You’ll also look into how organisms evolve and change over time and how genetic information is stored and transmitted. Thanks to small mutations in genetic material that occur at random due to chemical damage or an issue with DNA, an individual can develop a beneficial or detrimental new feature. If the addition helps that individual survive, it will be more likely to breed and pass the mutation on. This process of natural selection allows for variation among populations and can help different species adapt to unexpected changes and difficult environments. Knowing the ins and outs of this procedure helps biochemists make discoveries that influence everything from conservation to medicine.
Training Your Brain
If everything you've read so far seems intimidating, don't worry. Taking on biochemistry is no small feat, but there are ways you can approach how you study to maximize your understanding.
Try not to overanalyze little factoids. You're about to have a huge amount of information thrown at you, and the sheer volume of it will make it almost impossible to recall every little thing you've learned. Instead of putting your efforts into rote memorization, focus on understanding the concepts to which you're being exposed. You'll still have to memorize some things, obviously, but when you have the fundamentals down, it's much easier to translate what you've learned across different systems and processes.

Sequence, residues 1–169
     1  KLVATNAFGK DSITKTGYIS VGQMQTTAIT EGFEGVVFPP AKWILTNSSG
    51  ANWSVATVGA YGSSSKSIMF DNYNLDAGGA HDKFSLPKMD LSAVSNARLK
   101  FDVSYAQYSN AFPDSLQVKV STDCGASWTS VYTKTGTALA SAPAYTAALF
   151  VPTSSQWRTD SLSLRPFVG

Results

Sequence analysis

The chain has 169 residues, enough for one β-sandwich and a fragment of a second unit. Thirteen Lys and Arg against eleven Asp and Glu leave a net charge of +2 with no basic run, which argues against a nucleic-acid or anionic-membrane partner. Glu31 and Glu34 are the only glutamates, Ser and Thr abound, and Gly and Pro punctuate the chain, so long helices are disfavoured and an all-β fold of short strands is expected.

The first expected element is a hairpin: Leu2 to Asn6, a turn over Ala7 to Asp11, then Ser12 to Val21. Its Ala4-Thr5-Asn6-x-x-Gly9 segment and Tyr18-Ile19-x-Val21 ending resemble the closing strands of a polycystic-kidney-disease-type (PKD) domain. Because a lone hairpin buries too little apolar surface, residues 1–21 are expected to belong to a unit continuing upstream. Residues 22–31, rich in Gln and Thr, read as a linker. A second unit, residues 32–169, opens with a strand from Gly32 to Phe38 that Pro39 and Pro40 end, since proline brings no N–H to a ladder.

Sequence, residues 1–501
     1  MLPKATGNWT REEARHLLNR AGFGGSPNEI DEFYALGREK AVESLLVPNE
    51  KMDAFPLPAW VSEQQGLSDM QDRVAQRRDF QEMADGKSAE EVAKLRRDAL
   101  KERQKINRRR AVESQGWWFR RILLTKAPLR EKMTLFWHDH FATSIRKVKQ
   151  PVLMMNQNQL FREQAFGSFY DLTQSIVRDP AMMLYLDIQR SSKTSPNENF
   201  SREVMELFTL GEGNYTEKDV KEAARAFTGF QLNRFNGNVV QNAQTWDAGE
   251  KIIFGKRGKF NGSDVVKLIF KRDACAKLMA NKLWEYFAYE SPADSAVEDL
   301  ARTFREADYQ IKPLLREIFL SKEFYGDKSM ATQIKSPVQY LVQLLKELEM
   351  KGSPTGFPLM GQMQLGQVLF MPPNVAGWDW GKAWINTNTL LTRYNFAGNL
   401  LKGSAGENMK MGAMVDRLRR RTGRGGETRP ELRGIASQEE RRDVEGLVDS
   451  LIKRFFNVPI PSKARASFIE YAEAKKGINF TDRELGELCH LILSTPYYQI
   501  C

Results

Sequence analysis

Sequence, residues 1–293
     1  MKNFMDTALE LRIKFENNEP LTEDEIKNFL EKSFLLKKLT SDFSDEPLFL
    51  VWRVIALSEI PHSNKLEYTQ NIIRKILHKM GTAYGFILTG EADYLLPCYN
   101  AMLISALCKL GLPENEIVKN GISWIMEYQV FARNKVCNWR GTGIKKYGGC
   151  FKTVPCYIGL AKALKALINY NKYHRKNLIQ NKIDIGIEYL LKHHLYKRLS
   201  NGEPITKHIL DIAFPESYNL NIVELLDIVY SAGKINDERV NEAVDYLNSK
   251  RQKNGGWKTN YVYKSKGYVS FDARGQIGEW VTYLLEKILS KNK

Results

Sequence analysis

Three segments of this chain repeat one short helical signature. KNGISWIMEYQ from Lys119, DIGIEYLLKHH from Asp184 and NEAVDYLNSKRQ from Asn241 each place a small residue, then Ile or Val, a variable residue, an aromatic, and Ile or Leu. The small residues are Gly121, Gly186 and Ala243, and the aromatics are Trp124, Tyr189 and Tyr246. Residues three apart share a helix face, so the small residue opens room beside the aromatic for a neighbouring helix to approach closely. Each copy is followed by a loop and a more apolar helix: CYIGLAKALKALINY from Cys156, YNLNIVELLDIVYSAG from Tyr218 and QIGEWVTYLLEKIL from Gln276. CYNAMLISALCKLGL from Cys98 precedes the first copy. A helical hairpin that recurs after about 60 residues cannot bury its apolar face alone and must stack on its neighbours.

Oftentimes, when you encounter a topic that you can't wrap your mind around, another student will have a firmer grasp on it and can explain it to you.
Because biochemistry pulls heavily from chemistry and biology, you'll have to have plenty of prior knowledge to keep up with the subject. One of the best ways to stay on top of things is to spend a short amount of time every day reviewing the ideas you already know. This will put you in a better position to learn brand new concepts and will keep you from becoming confused when you touch on a topic you haven't revisited in a while.
You might be tempted to cram for hours on end, but that's not a good idea — cramming is one of the least effective ways of retaining information. Instead, break study sessions down into manageable chunks, and quiz yourself often to see how you're getting along. Pay special attention to graphs, illustrations, and charts, and take notes and recreate structures by hand. This will help you reinforce what you've come across, and give you material to review later.
It also helps to study in a group. Oftentimes, when you encounter a topic that you can't wrap your mind around, another student will have a firmer grasp on it and can explain it to you. This goes both ways. You'll notice that teaching an idea that has clicked with you to someone else will help you understand it better, too.